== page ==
- Games where all three had an impact, the Dolphins were 2-1 (Wins – Chargers & Browns, Loss – Patriots)
Even when Stills, Parker and Landry all had impactful games, the Dolphins did not manage to sweep those games, losing to, of all teams, New England.
The Sweet Spot
So, what will the Dolphins receivers have to do to beat the Patriots? Well, before we can answer that question, let’s turn our attention back to Jay Ajayi and the one factor that ensured a Dolphins victory in 2016, regardless of the opponent.
- Miami was 1-0 in games where Ajayi ran for 100 yds and none of the receivers had an impact 1-0 (Jets)
- Miami was 2-0 in games where Ajayi ran for 100 yds and one of the receivers had an impact (Steelers & Bills)
- Miami was 1-0 in games where Ajayi ran for 100 yds and two of the receivers had an impact (Bills)
To put it simply, every time Ajayi had a good day running the ball, the Dolphins won. As such, we can only conclude that the running game plays a more crucial role in wins and losses in Miami than do the Dolphins ‘receivers. Gase knows this as well. Thus, moving forward, the primary role of the passing game will be, what it has always been in a Gase style offense…..to spread defenses as deep and thin as possible in order to create mismatches for possession receivers, tight ends and running backs. Except, in Miami, where, unlike Denver, the bulk of that work will be done by Ajayi.
This, of course, was not Gase’s original plan when he came to Miami. The young offensive mastermind was looking to build a balanced offense, but one, nevertheless, focus around the passing game. Yet, unlike his predecessor, Joe Philbin, the rookie head coach was able to adjust to his personnel and play to their strengths, especially once he realized what a special running back he had in Ajayi, a relentless locomotive capable of breaking tackles and grinding defenses into submission. As a result, rather than continue on their 1-4 trajectory, the J-Train was allowed to jump the tracks, leading the Dolphins on a 9-2 tear that led them to the playoffs for the first time since 2008.
Furthermore, it should be noted that the 100-yards mark wasn’t even the real tipping point to victory for the Dolphins in 2016. Miami was 6-0 whenever Ajayi ran the ball for at least 77 yards, and just 4-6 when he ran for less than that.
Now, I want to be clear on this point. Citing these figures is not meant to imply that the Dolphins are assured a victory every time Ajayi crosses the 77-yard threshold. They are put forth merely to highlight the fact that the more Ajayi carries the ball, the greater the Dolphins’ chances of winning.
This is, of course, due to the domino effect that running effectively sets into motion.
- Keeping the ball on the ground takes time off the clock
- Which keeps opposing offenses on the sidelines and unable to get into a rhythm
- A lack of rhythm often leads to shorter possession and more three-and-outs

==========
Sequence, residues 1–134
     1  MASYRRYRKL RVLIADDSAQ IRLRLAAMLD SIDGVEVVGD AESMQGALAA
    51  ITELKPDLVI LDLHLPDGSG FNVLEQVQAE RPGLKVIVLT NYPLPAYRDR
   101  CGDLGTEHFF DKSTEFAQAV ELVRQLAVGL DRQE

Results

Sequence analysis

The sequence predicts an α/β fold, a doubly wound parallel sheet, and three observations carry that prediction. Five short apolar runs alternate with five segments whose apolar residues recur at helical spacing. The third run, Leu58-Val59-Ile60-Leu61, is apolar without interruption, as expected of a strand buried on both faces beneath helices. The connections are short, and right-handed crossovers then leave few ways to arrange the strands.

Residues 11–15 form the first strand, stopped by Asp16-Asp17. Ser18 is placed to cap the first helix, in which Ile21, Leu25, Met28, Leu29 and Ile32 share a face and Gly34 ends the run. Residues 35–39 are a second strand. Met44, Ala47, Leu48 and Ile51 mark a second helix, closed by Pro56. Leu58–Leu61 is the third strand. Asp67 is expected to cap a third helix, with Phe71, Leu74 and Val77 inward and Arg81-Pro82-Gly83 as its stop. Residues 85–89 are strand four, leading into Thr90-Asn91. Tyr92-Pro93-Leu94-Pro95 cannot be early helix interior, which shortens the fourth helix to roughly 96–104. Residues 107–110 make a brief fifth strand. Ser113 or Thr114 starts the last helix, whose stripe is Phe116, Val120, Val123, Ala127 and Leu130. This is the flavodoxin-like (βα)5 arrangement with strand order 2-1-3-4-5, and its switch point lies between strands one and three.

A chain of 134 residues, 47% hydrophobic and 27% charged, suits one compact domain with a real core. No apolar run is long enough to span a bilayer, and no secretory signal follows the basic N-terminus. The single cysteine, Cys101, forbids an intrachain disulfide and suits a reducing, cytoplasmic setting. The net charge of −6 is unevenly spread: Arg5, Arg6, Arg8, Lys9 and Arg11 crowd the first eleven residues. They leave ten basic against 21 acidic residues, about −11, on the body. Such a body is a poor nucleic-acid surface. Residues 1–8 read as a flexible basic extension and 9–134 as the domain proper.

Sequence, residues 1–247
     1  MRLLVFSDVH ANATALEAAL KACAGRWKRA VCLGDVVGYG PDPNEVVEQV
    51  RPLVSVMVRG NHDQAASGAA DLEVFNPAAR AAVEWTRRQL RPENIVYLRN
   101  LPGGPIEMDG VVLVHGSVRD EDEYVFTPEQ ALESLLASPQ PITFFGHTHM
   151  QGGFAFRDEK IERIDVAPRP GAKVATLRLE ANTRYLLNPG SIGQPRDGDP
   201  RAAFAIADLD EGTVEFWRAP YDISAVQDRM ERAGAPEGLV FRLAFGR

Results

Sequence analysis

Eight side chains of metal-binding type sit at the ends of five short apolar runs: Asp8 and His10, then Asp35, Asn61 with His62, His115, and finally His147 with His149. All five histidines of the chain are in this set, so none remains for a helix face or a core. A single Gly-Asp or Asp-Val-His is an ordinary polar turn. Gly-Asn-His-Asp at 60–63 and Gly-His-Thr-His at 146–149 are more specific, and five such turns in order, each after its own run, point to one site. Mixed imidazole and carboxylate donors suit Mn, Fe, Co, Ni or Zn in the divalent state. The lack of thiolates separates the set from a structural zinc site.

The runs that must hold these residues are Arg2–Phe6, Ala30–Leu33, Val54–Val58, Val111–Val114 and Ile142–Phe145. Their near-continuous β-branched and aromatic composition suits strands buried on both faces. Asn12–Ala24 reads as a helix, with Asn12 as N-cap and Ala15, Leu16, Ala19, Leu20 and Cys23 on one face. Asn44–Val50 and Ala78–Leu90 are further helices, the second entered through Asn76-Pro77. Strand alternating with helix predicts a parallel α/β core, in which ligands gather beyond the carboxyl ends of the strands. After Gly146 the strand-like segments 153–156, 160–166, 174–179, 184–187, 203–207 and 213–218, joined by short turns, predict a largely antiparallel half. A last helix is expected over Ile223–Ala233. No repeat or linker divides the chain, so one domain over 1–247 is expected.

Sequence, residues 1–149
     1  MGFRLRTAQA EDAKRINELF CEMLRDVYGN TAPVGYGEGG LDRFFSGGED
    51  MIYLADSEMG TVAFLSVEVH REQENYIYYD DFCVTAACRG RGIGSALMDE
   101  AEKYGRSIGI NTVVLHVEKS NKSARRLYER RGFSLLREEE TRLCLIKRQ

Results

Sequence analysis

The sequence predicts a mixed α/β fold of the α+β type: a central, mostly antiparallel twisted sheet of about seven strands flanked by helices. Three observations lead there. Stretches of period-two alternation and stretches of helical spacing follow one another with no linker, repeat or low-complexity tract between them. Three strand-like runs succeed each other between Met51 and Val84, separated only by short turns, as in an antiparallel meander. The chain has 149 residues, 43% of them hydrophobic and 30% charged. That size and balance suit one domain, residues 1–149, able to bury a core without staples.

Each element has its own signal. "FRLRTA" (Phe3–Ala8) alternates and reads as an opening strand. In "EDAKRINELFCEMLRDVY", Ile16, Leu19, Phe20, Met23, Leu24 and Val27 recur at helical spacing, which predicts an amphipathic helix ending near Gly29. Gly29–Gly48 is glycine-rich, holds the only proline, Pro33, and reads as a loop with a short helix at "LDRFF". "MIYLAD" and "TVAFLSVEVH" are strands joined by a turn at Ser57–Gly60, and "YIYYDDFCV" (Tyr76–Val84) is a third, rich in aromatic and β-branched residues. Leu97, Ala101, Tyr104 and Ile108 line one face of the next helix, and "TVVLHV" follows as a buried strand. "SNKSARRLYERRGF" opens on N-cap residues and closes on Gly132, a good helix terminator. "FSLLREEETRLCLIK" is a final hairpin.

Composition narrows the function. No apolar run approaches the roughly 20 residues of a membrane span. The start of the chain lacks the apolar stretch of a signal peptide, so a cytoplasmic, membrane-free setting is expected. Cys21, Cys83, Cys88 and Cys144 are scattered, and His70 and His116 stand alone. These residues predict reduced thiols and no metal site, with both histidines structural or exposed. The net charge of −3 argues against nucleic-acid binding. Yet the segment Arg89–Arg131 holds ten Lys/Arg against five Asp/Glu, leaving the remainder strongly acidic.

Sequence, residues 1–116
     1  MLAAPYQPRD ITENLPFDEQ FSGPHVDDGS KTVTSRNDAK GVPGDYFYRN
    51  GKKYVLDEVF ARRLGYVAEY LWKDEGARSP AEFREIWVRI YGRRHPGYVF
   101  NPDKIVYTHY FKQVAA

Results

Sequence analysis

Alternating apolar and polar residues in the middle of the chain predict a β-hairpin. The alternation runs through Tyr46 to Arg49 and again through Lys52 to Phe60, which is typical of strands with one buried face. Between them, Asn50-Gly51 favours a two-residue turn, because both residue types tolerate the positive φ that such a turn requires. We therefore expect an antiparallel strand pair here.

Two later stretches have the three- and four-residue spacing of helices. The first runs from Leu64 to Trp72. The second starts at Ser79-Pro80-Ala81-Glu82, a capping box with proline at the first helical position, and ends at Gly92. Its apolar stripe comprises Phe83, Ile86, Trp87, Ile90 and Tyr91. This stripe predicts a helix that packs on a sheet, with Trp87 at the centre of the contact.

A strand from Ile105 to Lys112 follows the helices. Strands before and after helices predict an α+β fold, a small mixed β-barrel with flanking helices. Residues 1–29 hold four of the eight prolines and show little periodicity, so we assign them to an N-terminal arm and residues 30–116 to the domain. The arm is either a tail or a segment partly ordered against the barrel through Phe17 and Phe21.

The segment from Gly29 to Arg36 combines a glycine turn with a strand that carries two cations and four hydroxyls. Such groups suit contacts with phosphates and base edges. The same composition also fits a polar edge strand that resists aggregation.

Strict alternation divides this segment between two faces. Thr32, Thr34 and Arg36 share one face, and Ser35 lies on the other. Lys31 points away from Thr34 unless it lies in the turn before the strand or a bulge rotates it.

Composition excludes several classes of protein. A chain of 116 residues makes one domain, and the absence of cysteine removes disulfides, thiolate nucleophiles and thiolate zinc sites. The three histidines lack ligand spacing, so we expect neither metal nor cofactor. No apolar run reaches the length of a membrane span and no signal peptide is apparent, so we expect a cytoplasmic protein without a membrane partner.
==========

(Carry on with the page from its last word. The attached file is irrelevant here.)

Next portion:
- Those three-and-outs, in turn, affords the Dolphins defense the opportunity to remain rested
- That rest then allows the defense to perform better late in games
- Add to that Ajayi’s unequaled ability to tire out defenses, as we highlighted in Step 3 of this series, and the Dolphins offense enters the 4th quarter of games with a huge advantage.
Combined, these, and many other benefits derived from a successful ground and pound attack give Miami better odds of winning. If you doubt this to be true, simply consider that the Dolphins were 8-2 in one score games, with the two loses coming in the first two games of the season.
Those losses were to Seattle and New England. Ajayi did not play in the Seahawks game due to his landing in Gase;s dog house, and he was only allowed 5 carries for 14 yards against the Patriots the following week. All told, the Dolphins managed just 36 carries for a paltry 134 yards over those two games. Yet, as soon as Ajayi became the starter, and Gase rid himself of offensive lineman Billy Turner and Dallas Thomas, Miami went on an 8-0 run in one score games.
While that is an extraordinary accomplishment, this is, nevertheless, an apropos moment to preview another key issue we will be discussing in detail later in this series, because, if we are too look at the Dolphins’ chances of unseating the Patriots through sober eyes, we must concede that the domino effect can work in reverse as well.
In other words, we must take into account that any hope of Ajayi exceeding the 77 yard benchmark will depend greatly on the Dolphins not falling behind early, as happened against the Ravens, and twice against the Patriots. In those three games, all of which Miami lost handily, Ajayi averaged a mere 11 carries for 45 yards, given that the Dolphins were forced to abandon the run and rely almost solely on the passing game to catch up, an all too familiar scenario during the Philbin era.
Rest assured, if the Dolphins are reduced to a one-dimensional attack against New England, they will lose. That stark reality naturally brings us back to the question posed earlier. What can the Dolphins receivers do to help Ajayi and the running game?
Well, the answer is simple. Strike early and often to ensure Miami doesn’t fall behind early, and maybe even builds up a lead going into the 4th quarter of games. That, more than anything, will increase Ajayi’s chances of brutalizing defenses by racking up carries late in games.
All For Jay And Jay For All